Abstract 16991: Coronary Bypass Surgery with Radial Artery Graft Improved Survival in the Diabetic Population
Background: There is limited information available regarding the long term outcome of using the radial artery as a coronary artery bypass graft (CABG) conduit. We attempt to analyze the twelve-year survival advantage for patients with a radial artery bypass graft.
Methods: From January 1997 to December 2001, 1248 patients who underwent first time isolated CABG surgery were analyzed. A multivariable logistic regression that included 18 baseline characteristics (i.e. age, left ventricular ejection fraction, coronary disease extent, and urgent/emergent operative status) was used to model the probability (propensity) of receiving a radial artery graft. The C statistic was 0.86. Patients were matched on their propensity score, resulting in 265 matched-pairs.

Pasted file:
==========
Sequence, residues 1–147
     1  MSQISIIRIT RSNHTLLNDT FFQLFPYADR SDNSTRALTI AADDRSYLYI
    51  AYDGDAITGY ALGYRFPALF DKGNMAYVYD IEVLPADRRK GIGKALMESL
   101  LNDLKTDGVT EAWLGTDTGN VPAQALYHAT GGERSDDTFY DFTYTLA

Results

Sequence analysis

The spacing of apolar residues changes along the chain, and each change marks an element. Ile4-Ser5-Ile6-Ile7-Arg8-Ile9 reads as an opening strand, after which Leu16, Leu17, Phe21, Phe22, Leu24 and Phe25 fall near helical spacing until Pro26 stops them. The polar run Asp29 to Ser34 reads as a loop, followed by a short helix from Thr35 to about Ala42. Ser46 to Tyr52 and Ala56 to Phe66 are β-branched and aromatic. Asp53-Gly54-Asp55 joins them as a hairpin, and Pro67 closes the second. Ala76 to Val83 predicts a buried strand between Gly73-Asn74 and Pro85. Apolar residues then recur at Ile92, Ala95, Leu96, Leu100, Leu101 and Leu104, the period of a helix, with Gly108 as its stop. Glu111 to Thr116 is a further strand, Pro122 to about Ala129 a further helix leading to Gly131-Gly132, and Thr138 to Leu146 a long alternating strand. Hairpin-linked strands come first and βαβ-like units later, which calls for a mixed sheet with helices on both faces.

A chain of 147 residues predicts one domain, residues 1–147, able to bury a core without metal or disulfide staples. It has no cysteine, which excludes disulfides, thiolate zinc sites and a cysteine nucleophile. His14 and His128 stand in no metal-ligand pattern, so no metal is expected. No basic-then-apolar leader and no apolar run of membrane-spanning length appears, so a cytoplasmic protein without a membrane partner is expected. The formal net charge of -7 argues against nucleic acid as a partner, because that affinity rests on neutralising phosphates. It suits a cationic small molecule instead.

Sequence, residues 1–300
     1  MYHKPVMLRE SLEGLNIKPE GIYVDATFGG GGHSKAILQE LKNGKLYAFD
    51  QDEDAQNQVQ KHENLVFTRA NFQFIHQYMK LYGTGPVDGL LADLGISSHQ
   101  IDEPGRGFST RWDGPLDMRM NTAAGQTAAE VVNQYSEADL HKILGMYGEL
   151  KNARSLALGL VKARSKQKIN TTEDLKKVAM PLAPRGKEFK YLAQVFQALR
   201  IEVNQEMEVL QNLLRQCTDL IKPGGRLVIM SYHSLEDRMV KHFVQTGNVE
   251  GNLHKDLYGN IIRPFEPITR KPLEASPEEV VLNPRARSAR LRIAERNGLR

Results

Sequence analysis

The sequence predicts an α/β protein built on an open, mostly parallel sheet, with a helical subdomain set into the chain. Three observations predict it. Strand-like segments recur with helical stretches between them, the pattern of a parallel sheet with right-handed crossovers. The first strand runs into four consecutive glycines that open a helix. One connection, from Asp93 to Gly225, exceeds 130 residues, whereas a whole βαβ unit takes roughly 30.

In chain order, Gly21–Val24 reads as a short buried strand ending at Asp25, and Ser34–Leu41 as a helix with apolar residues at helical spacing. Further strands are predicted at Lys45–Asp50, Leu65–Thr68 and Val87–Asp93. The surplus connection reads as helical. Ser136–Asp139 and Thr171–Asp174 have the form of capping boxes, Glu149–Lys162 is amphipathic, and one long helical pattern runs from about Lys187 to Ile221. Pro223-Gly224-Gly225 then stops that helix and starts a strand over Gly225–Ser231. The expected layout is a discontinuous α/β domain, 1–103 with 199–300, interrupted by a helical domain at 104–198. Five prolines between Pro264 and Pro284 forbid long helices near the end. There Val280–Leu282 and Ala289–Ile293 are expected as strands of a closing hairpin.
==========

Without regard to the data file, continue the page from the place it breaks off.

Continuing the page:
Results: 12 year survival was better (19% reduction in death risk) for patients having received a radial artery (Hazard ratio 0.81). There also was a trend toward better survival in both the male and the female population with radial artery graft although the difference was not statistically significant. In the diabetic subgroup, however, the survival benefit was prominent (39% reduction in death risk, Hazard ratio 0.61)
Conclusions: The use of the radial artery for primary coronary artery bypass grafts improved survival in general but is especially prominent in the diabetic population at 12 years.
- © 2012 by American Heart Association, Inc.